Barry Saide

Education Selfies

A friend of mine's daughter took a picture of herself using his phone. She is 18 months old. He should be glad she didn't do something else with it. He captioned it, "Caden's first selfie." We call these pictures "selfies" because it's a picture taken of yourself, by ... yourself. I thought his daughter looked adorable with her big smile. I am not a fan of my own selfies because I think they bring out my worst qualities (too many to list).

As I thought about education today, I reflected on how selfies apply to education. We all know "education selfies." Education selfies have personal agendas. They may promote good learning and teaching strategies, and even have great ideas and concepts. But, the strategies and concepts they offer come at a price. The cost may be as little as an "atta boy," or personal recognition by a respected peer in their school district. Or it may cost more, like a solve-all education program they're peddling. In the end, education selfies are not team players. They may be on a team, but they're rooting for themselves to succeed. If their students do well, it's an opportunity for them to leverage this for their own benefit.

I also thought about those I know who are "education selfless." They share whatever resources they have and don't ask for anything in return. They don't keep score. Selfless educators give their time to those who need it: students who need help but can only come before school or during lunch, novice teachers in crisis mode, and parents who need reassurance. They're too focused on changing the world one student at a time to worry about putting themselves out there for personal gain. If they can make a student feel better about coming to school each day, support a peer, or help a parent reflect on their child's growth, then they've done their job.

Selfless educators put themselves out there in an opposite way. They share success stories, learn from the failures, and laugh at their follies. They are purposeful and model that. Their refrain is simple: "I want to help students and their families. I became an educator to make a difference and be a positive change agent." As Matt Hall, my school's science and technology supervisor says, "It's never about me. It's all about moving the rock. I just want to move the rock."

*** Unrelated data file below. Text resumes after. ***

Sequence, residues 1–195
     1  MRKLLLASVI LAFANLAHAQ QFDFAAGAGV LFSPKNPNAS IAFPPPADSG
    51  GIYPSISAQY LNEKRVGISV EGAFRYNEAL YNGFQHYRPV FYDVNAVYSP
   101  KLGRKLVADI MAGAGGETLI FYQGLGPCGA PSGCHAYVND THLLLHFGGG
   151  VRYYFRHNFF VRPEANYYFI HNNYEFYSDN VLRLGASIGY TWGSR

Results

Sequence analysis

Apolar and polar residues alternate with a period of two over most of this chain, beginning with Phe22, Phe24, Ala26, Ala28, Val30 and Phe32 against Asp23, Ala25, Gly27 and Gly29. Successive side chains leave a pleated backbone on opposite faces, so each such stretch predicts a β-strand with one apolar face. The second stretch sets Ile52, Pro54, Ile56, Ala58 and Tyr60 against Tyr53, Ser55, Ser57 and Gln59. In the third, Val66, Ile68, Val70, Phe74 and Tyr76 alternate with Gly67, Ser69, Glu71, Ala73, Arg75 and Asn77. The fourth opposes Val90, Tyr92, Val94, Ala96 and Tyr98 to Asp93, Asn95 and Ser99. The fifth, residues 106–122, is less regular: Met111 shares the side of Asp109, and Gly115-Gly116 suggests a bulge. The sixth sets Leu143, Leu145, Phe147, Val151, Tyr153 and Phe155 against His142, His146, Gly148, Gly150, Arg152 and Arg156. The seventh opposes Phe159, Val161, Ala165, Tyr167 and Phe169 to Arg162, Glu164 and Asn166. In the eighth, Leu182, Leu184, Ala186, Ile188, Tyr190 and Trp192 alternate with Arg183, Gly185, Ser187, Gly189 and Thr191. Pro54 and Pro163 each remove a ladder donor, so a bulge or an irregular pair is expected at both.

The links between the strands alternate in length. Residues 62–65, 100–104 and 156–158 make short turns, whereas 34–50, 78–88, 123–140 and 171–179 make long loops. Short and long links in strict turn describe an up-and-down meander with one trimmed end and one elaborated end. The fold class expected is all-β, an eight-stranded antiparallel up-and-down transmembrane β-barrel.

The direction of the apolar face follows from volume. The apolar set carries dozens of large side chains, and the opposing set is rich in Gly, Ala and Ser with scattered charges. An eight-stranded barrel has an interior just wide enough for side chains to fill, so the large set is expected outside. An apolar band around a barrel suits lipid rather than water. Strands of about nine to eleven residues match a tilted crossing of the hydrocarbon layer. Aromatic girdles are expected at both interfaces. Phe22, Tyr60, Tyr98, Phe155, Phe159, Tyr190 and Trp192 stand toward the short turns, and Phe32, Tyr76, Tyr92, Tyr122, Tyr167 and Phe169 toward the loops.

Matt is one of many educators I've met and learned from. My friend and New Jersey ASCD North Region Codirector Bill Krakower is another. When I think of who I want to be, who I strive to emulate, and who helps me "move the rock," Bill and Matt are just two of the people I think of. Everyone works with a Bill or Matt, too, just as we work with an education selfie. The best thing we can do is appreciate educators like Matt and Bill who will only take a selfie of their family, entire class, students' parents, peers, and more are in the picture. Because it's not about the selfie. It's about the selfless.

Barry Saide has taught 2nd, 3rd, and 5th grade in three different New Jersey school districts. He has been teaching for 13 years, the last 11 at Mount Prospect School in Bernards Township where he currently directs the Before/After School Care program. Saide has written and built curriculum in all subjects and been a grade-level leader. He has led staff development and currently serves on his district's professional development committee. Saide is codirector of the New Jersey ASCD North Region and serves on the New Jersey ASCD executive committee where his focus is on technology integration and increasing dialogue between PreK–12 and higher education. Connect with Saide through his blog or on Twitter @barrykid1.

Comments (2)


November 27, 2013


Well done. There are so many educators or “selfies” who don’t get enough recognition. As I said at edcamp,we start each meeting with a check-in to celebrate their greatness. Nice job checking in here my friend.


November 27, 2013

Thanks Cory. I appreciate it. It was great connecting with you. I hope we stay in touch. You have a lot to offer, and it’s time for your selfless choices to be celebrated, too!

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